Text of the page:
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Shmot(Exodus 1:1-6:1)

Gratitude Has No Expiration Date

The famine that besieged Egypt and the rest of the world had come to an end. Joseph, along with the entire generation, had all passed away. And:

"A new king arose over Egypt, who did not know of Joseph." (Exodus 1:8)


A LIFE LESSON

Is it really possible that anyone - let alone a king - would be unaware of all that Joseph had done for the country? How could anyone in Egypt ever forget the vital role he played its survival? Joseph, as second in command and sole architect of making Egypt the richest country on Earth, should have been immortalized for eternity. It defies logic that anyone could forget the one person who single-handedly saved Egypt and the entire world from famine.

Joseph wasn't forgotten in the sense that no one "remembered" him. Rather, the significance of his life-saving contributions had simply faded from everyone's memory.

Joseph's insights and acumen clearly saved the lives of every man, women, and child. But as soon as the necessity of his contributions were no longer needed, then the appreciation for Joseph ceased as well. When the pain of Egypt's experience ended, so did their memory of Joseph.

During the massive famine that spread throughout the entire world, Joseph was at the center of it all. Every country was dependent upon Egypt for their survival. But when the famine ended, then Joseph's help was no longer valuable or even needed. And, over time, the mental leap that someone makes from when a person's contributions are no longer needed and the memory of when they were so desperately needed becomes smaller and smaller. And after an entire generation passed away, the people in Egypt simply did not know of Joseph.

Difficult to imagine? It actually occurs in our own lives all the time. Think about it. There are people who have helped you enormously in the past in one way or another. And when they gave you their assistance - whatever it might have been - you certainly expressed your gratitude. But as time went on, it's just not natural to continue to shower the person with appreciation and gratitude.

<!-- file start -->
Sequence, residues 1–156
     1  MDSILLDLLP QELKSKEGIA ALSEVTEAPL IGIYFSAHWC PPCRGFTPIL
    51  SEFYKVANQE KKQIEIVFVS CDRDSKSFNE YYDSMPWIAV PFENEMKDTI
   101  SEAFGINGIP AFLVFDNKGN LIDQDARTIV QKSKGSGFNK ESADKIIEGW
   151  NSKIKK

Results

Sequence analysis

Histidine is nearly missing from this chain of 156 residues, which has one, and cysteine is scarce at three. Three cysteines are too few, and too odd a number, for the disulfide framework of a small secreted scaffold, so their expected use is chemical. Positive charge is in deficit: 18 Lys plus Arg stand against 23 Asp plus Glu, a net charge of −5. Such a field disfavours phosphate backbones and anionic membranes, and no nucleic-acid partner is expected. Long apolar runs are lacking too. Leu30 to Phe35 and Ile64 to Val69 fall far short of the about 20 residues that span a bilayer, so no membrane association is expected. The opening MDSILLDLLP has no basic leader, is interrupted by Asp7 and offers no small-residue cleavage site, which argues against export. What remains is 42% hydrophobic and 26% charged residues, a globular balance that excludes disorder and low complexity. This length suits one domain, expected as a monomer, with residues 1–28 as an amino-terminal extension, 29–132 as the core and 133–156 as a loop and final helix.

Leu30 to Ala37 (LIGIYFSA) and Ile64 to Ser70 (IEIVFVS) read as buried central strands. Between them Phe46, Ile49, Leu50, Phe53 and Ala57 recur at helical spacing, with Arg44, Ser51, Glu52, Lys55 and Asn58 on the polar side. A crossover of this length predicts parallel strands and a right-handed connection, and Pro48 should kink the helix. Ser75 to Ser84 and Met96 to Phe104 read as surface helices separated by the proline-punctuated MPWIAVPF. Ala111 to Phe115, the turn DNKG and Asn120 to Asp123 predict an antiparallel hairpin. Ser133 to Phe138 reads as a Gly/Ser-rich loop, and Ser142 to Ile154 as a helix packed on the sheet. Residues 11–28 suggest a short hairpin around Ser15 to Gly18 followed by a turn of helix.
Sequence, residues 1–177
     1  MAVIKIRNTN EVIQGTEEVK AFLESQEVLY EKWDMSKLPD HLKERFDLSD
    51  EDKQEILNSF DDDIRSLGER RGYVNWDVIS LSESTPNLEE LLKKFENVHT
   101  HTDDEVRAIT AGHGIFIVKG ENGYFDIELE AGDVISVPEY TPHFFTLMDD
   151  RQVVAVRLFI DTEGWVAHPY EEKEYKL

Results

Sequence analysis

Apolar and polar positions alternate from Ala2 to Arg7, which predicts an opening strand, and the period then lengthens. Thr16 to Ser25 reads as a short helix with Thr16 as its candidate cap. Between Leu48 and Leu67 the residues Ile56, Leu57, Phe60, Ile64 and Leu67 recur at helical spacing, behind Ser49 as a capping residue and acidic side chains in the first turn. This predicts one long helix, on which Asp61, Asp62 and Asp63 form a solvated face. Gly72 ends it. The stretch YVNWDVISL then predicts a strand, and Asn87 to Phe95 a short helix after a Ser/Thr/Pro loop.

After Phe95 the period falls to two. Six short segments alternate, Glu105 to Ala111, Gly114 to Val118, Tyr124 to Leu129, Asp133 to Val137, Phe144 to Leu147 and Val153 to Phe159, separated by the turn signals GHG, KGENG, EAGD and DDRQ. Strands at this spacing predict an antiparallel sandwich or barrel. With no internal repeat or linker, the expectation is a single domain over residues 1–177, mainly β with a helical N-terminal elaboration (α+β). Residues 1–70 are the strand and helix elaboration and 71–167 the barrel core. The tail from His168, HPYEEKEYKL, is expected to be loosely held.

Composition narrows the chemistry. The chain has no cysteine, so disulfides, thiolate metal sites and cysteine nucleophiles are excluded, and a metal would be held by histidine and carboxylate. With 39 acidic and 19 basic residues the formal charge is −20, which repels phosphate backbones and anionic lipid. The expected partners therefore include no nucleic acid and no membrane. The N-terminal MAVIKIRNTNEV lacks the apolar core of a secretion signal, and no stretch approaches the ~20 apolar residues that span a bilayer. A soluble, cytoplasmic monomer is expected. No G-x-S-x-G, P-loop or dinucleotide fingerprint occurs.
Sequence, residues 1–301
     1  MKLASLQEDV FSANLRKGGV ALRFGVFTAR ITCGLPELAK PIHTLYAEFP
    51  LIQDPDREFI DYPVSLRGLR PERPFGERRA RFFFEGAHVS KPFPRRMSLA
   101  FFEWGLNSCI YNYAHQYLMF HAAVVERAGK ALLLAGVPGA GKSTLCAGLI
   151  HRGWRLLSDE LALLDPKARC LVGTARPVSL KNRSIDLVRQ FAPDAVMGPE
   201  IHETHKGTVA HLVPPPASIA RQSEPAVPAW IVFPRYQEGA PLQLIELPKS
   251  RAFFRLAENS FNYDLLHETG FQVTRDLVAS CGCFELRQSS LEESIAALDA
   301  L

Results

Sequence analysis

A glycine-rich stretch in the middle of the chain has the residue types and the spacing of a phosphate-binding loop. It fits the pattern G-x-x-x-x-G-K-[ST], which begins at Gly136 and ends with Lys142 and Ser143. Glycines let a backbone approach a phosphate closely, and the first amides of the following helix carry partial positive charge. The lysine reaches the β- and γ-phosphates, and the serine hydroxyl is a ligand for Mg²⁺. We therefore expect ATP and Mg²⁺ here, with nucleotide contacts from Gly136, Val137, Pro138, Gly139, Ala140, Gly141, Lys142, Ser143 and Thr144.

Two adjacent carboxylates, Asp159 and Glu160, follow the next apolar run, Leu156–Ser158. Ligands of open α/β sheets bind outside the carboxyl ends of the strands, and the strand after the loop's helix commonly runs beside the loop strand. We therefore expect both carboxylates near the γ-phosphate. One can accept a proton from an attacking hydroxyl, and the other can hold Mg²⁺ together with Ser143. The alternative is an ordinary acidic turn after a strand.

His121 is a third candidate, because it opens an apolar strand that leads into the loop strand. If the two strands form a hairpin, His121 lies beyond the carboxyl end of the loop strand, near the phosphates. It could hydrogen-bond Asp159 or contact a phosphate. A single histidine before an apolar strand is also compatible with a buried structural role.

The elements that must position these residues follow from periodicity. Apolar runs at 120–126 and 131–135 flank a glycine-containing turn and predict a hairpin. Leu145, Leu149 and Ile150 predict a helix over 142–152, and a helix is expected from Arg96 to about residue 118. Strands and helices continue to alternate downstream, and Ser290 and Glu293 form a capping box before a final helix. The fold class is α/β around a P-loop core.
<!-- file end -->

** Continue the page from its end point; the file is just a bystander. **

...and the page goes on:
But this doesn't mean that you can't let them know "out of the blue" once again just how much you appreciate what they did for you. Saying "thank you" to the person long after they've given you their help, is such a beautiful and selfless way to live. And the recipient will appreciate it beyond words.

It is very easy to forget people who were there for us, because once their assistance is no longer needed, our appreciation for what they did can easily fade away. And as more and more time passes, we can actually completely forget those people who were there for us when we needed them the most.

It's not that hard to show appreciation toward someone right after he's helped you. But the true measure of a person is not demonstrated by the gratitude you show a person after he's helped you. Rather, the measure of a person is demonstrated by the heartfelt gratitude he can still show long after the fact. True gratitude is not defined by a person who doesn't forget; it's defined by the one who always remembers. Make the call today.

Published: January 14, 2006

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Visitor Comments: 5

(5) David Gr, January 14, 2012 4:35 PM

"What Have You Done for Me Lately?"

This common expression pretty well sums it up. Kind of sad but all too common. :-(

(4) Anonymous, December 20, 2010 2:00 PM

Some of us have forgotten

If it can be possible for some of us to forget the revelation at Sinai & the miracles Hashem did for us in the desert for 40 years, then we shoiuldn't be surprised that the Egyptians forgot Joseph. Gratitude begins with Hashem - to remember everyday that the Eternal One sustains his creation for us giving us time to wake up to the infinite nature of Hashem's goodness.

(3) MICHELE BARUCHOV, January 12, 2007 2:33 AM

I REALLY ENJOY YOUR ARTICLES.

(2) Andy, January 9, 2007 2:46 PM

that old familiar song keeps Paro on my mind

It seems much of the public was appreciative of Joseph for saving them from famine, but hated him for removing them from their lands and turning them over to the state.The Jews where given good land in Goshen but it seems by this time many had relocated and lived among the general population along the Nile.A new dynasty came along and exploited the mixed feelings of the masses towards this foreign people in their midst. Sound familiar yet.

(1) Aryeh, November 15, 2006 2:27 PM

Thank you

Reb Lieberman, thanks for this beautiful article. It's amazing to consider how to history of Egypt could have been very different had they had simple gratitude. We need to make gratitude part of our lives, part of our parenting, to make the world a place that flows with gratitude. We can do it - every thank you note counts!

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